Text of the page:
CHARLESTON, W.Va. -- President Barak Obama had obviously made up his mind to bomb military targets in Syria to weaken Bashar Assad's regime and thus strengthen the opposition forces that have been fighting the regime for more than two years.
President Obama's decision came after the regime used chemical weapons resulting in death of over 1,000 innocent civilians -- a charge the regime is still denying. While, it is our responsibility to deter any nation that uses such horrible weapons and to help the oppressed people to win their freedom around the world, I think that there are other safer alternatives -- not only for Syria but to the United States of America.
Launching high altitude air strikes might save the lives of our soldiers but will undoubtedly kill many Syrian civilians. As we witnessed in 1998 with "Operation Desert Fox" launched by President Bill Clinton against Iraq, it proved that "smart bombs" were really dumb bombs that killed hundreds of Iraqis, but did not hurt Saddam's regime at all.
The United States does not need to fear Assad threatening the security of Israel. Neither he nor his army is any match for the stealth and technological might of Israel. Assad knows this. Israel knows this. Israel has reportedly struck Syria multiple times in which the Syrian army could simply do nothing except realize how overwhelmingly outmatched they were.
Syria is not an oil country and thus it's relatively poor in resources compared to Iraq, Kuwait, and Saudi Arabia. The damage of the bombings will fall squarely on the Syrian people, not on the government. The dismal financial aftermath will put much pressure on Syrians and will lead many of them to join extremist movements within Syria and elsewhere.
The Arab countries that support the United States actions against Syria are not democratic states. They themselves are led by dictators that in some cases are even worse than Assad's regime as we have witnessed in the past -- especially in Saudi Arabia, Qatar, and Bahrain where opponents of their despotic monarchies are often tortured, imprisoned, or simply done away with.
Much like the Iraqis were in the 1980s, a majority of Syrian people are moderate with their politics and religion. It would be a true shame if a U.S. airstrike turned many of these people into violent Islamic radicals. It is quite amazing how in the 1980s, Saddam Hussein used chemical weapons against the Kurds killing 5,000 civilians in a mere few seconds, to which the U.S. administration under Ronald Reagan did not even condemn the act. Why only now is a U.S. administration decrying the use of chemical weapons?
Chemical weapons may fall into the hands of Hezbollah and al-Qaida if Bashar's regime were weakened. This will add even more trouble to American interests in the Middle East.
Regime change works better than bombing a regime because bombings will only hurt civilians and strengthen the al-Qaida-backed Islamist extremists who want to divide Syria and even turn it into a Islamist pariah nation like Afghanistan under the Taliban. And to make matters worse, the Islamists are already killing the scores of Kurds, Shiite, Alawites, and even Christians.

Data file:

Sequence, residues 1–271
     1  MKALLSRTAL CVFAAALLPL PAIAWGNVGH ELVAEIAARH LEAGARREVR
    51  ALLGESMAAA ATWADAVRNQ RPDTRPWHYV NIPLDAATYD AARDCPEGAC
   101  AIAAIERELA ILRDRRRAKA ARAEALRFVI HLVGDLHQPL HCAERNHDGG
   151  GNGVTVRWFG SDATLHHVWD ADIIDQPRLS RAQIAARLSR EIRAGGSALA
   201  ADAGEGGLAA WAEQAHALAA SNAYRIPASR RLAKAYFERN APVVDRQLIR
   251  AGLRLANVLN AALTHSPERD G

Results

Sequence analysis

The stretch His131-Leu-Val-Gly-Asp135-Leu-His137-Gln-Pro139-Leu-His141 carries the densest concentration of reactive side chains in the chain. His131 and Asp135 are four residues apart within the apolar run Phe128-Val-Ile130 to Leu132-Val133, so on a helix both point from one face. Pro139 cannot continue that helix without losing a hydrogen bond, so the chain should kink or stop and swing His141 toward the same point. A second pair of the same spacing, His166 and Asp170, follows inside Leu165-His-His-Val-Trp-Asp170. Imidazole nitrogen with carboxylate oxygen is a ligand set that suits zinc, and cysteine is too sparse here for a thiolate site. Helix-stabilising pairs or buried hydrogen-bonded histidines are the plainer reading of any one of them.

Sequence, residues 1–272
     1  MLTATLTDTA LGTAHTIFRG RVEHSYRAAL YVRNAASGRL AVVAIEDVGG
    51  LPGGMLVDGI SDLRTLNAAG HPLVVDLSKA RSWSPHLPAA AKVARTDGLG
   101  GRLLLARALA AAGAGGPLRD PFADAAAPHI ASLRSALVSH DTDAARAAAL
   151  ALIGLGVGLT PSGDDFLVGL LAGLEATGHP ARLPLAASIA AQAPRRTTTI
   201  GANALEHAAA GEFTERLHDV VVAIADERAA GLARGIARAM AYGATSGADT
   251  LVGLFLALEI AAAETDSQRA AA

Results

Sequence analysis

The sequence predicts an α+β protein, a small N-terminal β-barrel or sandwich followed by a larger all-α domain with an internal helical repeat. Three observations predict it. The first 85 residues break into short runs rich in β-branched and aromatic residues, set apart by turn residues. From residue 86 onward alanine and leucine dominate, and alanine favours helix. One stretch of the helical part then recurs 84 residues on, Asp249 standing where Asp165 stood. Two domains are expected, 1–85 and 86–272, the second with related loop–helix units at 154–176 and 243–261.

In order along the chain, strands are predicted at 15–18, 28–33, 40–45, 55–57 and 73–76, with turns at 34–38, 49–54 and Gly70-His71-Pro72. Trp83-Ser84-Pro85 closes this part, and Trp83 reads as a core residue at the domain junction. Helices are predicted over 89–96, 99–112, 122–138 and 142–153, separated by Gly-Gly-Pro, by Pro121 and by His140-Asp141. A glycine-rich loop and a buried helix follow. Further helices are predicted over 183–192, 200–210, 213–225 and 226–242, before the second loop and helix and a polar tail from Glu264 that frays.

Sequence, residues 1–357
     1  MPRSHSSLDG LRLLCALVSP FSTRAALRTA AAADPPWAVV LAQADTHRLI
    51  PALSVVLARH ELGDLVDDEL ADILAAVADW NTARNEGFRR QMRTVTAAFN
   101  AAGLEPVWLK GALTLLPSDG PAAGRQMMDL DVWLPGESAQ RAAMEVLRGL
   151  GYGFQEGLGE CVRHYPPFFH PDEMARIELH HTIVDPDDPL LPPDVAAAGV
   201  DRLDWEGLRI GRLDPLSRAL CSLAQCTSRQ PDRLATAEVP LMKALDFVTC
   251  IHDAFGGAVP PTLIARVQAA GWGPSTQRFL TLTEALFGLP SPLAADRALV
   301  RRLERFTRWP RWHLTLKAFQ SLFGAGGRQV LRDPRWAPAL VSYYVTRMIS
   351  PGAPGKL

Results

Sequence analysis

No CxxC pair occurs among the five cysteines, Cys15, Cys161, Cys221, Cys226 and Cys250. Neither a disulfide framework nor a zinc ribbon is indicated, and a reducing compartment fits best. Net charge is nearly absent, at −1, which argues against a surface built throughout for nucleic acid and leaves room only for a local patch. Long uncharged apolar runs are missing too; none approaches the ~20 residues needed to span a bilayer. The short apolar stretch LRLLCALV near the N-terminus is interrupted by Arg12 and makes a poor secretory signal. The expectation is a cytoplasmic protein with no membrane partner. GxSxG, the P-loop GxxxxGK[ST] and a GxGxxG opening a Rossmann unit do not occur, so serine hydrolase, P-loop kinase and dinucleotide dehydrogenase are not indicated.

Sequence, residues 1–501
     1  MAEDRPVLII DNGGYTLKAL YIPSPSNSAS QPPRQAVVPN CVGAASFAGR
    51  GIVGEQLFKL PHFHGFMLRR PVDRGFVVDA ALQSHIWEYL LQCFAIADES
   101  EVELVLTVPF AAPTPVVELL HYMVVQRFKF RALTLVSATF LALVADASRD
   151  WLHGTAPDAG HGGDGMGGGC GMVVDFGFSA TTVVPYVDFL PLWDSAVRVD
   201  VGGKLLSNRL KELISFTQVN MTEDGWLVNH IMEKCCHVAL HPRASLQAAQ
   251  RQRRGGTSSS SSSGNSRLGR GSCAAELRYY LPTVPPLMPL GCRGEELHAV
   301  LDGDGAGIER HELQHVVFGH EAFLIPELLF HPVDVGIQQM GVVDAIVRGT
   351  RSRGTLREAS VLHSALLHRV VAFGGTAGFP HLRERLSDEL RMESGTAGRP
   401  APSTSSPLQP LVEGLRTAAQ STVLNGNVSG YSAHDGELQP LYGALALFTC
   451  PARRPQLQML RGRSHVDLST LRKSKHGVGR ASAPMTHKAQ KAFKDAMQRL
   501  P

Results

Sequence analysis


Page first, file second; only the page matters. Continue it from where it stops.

A better alternative to war is for the United States to use this adversity as an opportunity to demonstrate the effectiveness of the International Criminal Courts. The United States (along with the EU and the UN) could refer the Syrian leadership to the ICC for war crimes and demand the new regime leaders to destroy its stockpile of the weapons.
The Vietnam War started from a small conflict and ended up with full-scale war under so- called "snowball effect" or "slippery slope effect." This means that with the passage of time, the demands on the administration to do more in the war will be accelerated and in the case of Syria, the war could easily escalate into a regional war that could be devastating.
A war against Syria will affect the neighboring countries directly -- especially Turkey and Iraq. In Turkey, the Alawite minority consider the uprising in Syria "an imperialistic geopolitical battle between the West and the Sunni Gulf against the Shiite world," while Servet Mullaoglu an Alawite and the head of Antakya's Republican People's Party warned that " This war will not end any time soon, not for Syria, and not for Turkey." In Iraq, extremists aligned with al-Qaida are already mobilizing -- threatening to kill anyone who opposes an attack against Syria.
Yes, the Syrian people deserve better leaders than the present one, but the alternative is worse. I really hope that the Congress will follow the example of the British Parliament and vote against any military strike on Syria. We just can't afford to turn Syria into another Iraq.
Khalil is professor of business and economics at Fairmont State University.